Posted in 90 minutes in heaven, bible, heaven tourism, truth

Heaven Tourism: Compare Don Piper’s heaven scene with Apostle John’s

I’d written a few days ago that heaven tourism books are bad. The ‘heaven tourism’ phrase refers to the increasing bunch of people who have a vision and claim to have visited heaven, been shown or told things, and ‘came back’ to write a book about it. Or go on the speaking circuit.

No one has visited heaven except He who has come down from heaven, Jesus. (John 3:13). Aside from a very few individuals such as Ezekiel and Isaiah, John and Paul (who incidentally said it was unlawful to speak of the inexpressible things he’d seen (2 Corinthians 12:2-4) heaven currently remains a closed port of call unless one has died in Christ, and even then, at present it remains a one-way trip.

Yet Don Piper claims to have gone there for an hour and a half and came back to write a whole book about it. This is what Don Piper said he saw first thing:

In my next moment of awareness, I was standing in heaven. Joy pulsated through me as I looked around, and at that moment I became aware of a large crowd of people. They stood in front of a brilliant, ornate gate. I have no idea how far away they were; such things as distance didn’t matter. As the crowd rushed toward me, I didn’t see Jesus, but I did see people I had known. (90 Minutes in Heaven, p. 26-27)

John the Apostle went to heaven. He was in the spirit in the Lord’s day. He heard a voice. This is the first thing He saw:

Then I turned to see the voice that was speaking to me, and on turning I saw seven golden lampstands, 13and in the midst of the lampstands one like a son of man, clothed with a long robe and with a golden sash around his chest. 14The hairs of his head were white, like white wool, like snow. His eyes were like a flame of fire, 15his feet were like burnished bronze, refined in a furnace, and his voice was like the roar of many waters. 16In his right hand he held seven stars, from his mouth came a sharp two-edged sword, and his face was like the sun shining in full strength. 17When I saw him, I fell at his feet as though dead.

Don Piper noticed right away that his great-grandmother Hattie’s teeth were white. (p. 34). That is a huge contrast to what John saw and how he behaved according to the scripture above.

Who are you going to believe? Paul, who actually went to heaven, whether in the body or the spirit he did not know, God knows, but who said that to be absent from the body is to be present with the Lord? Or Don Piper who wrote that to be absent from the body is to be present with Great-granny Hattie?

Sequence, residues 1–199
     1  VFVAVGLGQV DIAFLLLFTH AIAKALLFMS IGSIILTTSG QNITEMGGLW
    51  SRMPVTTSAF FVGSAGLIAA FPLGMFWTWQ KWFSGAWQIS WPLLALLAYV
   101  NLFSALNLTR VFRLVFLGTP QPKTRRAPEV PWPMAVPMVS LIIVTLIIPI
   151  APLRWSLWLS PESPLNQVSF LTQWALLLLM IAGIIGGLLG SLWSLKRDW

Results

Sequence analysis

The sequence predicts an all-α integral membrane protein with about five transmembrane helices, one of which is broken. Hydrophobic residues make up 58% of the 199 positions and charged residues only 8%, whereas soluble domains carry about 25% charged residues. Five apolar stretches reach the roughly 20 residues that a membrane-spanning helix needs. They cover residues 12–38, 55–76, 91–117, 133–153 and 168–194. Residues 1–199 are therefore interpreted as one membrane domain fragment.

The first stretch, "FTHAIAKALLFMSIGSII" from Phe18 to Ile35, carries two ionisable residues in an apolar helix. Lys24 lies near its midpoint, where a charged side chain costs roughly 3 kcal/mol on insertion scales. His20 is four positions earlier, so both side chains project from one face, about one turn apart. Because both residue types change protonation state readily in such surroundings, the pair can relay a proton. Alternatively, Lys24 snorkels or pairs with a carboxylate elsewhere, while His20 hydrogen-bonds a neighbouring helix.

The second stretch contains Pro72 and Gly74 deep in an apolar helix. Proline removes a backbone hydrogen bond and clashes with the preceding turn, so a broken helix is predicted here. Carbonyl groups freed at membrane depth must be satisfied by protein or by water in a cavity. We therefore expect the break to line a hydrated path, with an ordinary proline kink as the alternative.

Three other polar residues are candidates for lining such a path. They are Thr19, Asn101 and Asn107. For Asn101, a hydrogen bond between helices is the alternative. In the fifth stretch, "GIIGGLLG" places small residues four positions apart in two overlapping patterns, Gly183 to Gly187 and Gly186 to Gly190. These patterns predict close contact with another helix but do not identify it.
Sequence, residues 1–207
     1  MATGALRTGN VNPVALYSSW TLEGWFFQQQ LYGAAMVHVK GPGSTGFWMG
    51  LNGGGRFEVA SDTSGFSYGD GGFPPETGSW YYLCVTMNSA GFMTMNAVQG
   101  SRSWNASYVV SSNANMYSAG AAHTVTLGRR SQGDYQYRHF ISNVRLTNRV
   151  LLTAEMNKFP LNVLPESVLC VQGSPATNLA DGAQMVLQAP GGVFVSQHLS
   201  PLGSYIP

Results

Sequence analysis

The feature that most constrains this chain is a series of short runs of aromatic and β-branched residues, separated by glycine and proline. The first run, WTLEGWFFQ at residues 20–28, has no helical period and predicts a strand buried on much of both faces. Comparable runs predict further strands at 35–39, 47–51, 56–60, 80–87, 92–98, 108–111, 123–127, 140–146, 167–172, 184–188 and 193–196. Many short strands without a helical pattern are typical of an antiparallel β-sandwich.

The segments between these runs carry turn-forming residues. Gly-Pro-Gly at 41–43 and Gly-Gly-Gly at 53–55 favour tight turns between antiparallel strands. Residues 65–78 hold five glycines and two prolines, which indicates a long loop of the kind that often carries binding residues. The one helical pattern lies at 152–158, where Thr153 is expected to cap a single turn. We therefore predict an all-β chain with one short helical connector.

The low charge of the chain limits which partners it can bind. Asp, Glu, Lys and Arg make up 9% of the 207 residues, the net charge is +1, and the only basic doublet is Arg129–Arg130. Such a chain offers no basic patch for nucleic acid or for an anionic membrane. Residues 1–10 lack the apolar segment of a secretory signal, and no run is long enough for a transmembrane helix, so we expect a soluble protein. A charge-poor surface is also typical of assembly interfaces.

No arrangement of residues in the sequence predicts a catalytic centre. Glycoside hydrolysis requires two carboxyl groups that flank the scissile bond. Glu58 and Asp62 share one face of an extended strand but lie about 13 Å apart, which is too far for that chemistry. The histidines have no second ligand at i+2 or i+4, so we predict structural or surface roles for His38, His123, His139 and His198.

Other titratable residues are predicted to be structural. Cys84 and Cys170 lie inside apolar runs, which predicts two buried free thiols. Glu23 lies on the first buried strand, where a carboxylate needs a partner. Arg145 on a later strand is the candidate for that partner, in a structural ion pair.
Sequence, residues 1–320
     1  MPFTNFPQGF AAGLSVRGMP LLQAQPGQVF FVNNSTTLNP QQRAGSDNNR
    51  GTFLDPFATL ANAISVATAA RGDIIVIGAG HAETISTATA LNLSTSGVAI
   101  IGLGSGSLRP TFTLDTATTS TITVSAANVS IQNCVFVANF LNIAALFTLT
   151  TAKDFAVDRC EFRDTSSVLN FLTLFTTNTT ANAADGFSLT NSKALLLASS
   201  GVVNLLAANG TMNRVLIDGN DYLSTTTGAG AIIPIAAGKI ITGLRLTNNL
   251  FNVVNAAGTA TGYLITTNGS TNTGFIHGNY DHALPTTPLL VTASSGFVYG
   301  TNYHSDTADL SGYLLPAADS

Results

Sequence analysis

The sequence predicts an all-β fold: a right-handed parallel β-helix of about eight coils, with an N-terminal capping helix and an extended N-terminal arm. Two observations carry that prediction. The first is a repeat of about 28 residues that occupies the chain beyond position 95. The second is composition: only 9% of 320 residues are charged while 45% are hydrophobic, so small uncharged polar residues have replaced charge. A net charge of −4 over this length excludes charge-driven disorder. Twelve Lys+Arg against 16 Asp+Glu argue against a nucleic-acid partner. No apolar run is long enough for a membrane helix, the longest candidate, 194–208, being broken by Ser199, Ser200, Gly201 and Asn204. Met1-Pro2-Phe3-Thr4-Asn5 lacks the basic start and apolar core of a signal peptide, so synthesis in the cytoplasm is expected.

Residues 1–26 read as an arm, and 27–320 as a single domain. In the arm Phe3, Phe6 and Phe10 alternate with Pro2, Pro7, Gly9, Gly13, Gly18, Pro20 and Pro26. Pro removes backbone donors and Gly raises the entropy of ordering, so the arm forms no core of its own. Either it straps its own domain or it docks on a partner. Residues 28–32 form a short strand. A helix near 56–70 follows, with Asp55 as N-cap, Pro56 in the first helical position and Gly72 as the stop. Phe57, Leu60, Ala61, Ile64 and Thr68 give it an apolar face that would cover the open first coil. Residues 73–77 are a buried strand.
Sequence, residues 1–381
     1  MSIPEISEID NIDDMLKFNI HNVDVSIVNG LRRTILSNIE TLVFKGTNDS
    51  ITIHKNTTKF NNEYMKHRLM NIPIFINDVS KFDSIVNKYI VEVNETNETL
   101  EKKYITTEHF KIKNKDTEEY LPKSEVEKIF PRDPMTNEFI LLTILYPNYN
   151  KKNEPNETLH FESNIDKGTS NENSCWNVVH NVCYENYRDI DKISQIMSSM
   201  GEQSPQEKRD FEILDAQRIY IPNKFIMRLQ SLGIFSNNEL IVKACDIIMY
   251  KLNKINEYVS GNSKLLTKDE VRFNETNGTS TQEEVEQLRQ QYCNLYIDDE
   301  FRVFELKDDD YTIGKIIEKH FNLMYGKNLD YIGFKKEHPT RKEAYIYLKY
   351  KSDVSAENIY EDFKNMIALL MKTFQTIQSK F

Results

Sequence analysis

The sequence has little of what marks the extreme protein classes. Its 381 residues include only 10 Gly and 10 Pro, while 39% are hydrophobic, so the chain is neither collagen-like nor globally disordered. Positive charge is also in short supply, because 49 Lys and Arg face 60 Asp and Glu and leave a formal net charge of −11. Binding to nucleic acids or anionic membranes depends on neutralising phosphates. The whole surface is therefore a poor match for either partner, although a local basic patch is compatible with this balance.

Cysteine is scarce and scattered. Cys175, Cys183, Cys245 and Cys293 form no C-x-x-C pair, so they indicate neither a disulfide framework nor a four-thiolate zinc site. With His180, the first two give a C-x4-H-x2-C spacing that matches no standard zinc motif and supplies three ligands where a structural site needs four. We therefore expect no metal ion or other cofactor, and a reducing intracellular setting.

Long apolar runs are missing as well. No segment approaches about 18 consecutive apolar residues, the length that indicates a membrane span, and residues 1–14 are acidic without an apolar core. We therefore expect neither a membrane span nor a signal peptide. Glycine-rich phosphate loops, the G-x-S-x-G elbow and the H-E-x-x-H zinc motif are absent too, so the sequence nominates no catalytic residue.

Be very skeptical of people who claim to have visited heaven or some dimension where Jesus is. Beth Moore claims it, Don Piper, Kim Walker-Smith of Jesus Culture band, Colton Burpo, Jesse DuPlantis, and many others. Yet have any of the people who died and were resurrected in the Bible apart from Jesus described anything they saw? Lazarus, Peter’s Mother-in-Law? The sleepy youth who fell out the window? No.

John MacArthur wrote at Answers in Genesis:

Four biblical authors had visions of heaven—not near-death experiences. Isaiah and Ezekiel (Old Testament prophets) and Paul and John (New Testament apostles) all had such visions. Two other biblical figures—Micaiah and Stephen—got glimpses of heaven, but what they saw is merely mentioned, not described (2 Chronicles 18:18; Acts 7:55).
Only three of these men later wrote about what they saw—and the details they gave were comparatively sparse (Isaiah 6:1–4; Ezekiel 1, 10; Revelation 4–6). All of them focused properly on God’s glory. 

They also mentioned their own fear and shame in the presence of such glory. They had nothing to say about the mundane features that are so prominent in modern tales about heaven (things like picnics, games, juvenile attractions, familiar faces, odd conversations, and so on). Paul gave no actual description of heaven but simply said what he saw would be unlawful to utter. In short, the biblical descriptions of heaven could hardly be any more different from today’s fanciful stories about heaven.

Avoid such fanciful stories and focus on what is written for our edification: the holy word of God contained in the 66 books of the Bible. Any and all references or descriptions of heaven in that Book are true and are all that we need to know about heaven for the present time.


Christian writer and Georgia teacher's aide who loves Jesus, a quiet life, art, beauty, and children.